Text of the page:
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Whats in a blue ringed octopus venom?
Question Date: 2018-10-24
Answer 1:

The dangerous part of the venom of blue-ringed octopuses is the neurotoxin tetrodotoxin. It works by blocking the passage of certain ions, thereby preventing neurons from carrying messages and thus muscles from flexing in response to environmental stimuli (i.e., something seen, felt, heard, etc.) This toxin is not produced by the octopus itself though; bacteria living in the salivary glands produce the toxin. The octopi and bacteria have a symbiotic relationship, meaning that each benefits from the presence of the other (the octopi get a potent weapon, and the bacteria get a nice place to live).

Tetrodotoxin is used by several other organisms that host the same or similar bacterial colonies, with pufferfish that are not prepared properly being a common source of tetrodotoxin poisonings.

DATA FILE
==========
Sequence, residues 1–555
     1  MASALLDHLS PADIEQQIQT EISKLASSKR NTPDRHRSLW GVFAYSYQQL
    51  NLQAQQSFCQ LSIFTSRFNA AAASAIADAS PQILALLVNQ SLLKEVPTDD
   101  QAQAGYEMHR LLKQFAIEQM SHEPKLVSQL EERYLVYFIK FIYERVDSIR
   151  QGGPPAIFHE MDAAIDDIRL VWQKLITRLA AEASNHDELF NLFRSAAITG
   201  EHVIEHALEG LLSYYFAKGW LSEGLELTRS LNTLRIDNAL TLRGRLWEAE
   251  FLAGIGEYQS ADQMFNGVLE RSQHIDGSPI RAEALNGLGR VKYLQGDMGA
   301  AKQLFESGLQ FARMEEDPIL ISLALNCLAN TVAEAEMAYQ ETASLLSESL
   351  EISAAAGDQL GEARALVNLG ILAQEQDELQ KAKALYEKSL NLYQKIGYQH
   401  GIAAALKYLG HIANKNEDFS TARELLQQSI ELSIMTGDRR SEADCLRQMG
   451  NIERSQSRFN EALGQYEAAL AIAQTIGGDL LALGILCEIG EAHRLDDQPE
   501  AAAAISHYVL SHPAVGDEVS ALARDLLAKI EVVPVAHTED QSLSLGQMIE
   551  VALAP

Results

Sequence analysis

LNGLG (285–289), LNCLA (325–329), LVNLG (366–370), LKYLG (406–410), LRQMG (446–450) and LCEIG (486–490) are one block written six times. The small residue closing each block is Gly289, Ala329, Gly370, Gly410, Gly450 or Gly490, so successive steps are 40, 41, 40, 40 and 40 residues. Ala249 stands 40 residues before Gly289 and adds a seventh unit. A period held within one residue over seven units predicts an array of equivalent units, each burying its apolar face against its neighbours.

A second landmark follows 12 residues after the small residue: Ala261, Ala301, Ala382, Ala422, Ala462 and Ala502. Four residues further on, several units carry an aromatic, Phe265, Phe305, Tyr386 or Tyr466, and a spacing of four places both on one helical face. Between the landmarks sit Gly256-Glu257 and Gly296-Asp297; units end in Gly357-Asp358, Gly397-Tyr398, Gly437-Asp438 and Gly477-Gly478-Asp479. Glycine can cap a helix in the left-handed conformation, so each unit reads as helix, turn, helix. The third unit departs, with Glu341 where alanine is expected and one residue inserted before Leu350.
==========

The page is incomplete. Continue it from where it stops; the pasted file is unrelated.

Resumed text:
Answer 2:

The poison is tetrodotoxin, which paralyses voluntary muscles (which includes the muscles that you use to breathe, which is why it's so deadly).

Answer 3:

Blue ringed octopus venom is made of a neurotoxin (a substance which is poisonous to the brain) called tetrodotoxin. It is the same toxin found in puffer fish. It is produced by bacteria in the salivary glands of the octopus. The venom blocks nerve signals in your body. The effects of the poison start with muscle numbness, and eventually escalate to blindness, loss of senses, loss of motor skills, and eventually muscle paralysis - which leads to respiratory arrest since we need muscles to breathe. But don’t worry, the blue ringed octopus is not known to be aggressive. There have been no reported deaths of blue ringed octopus bites since the 1960s!

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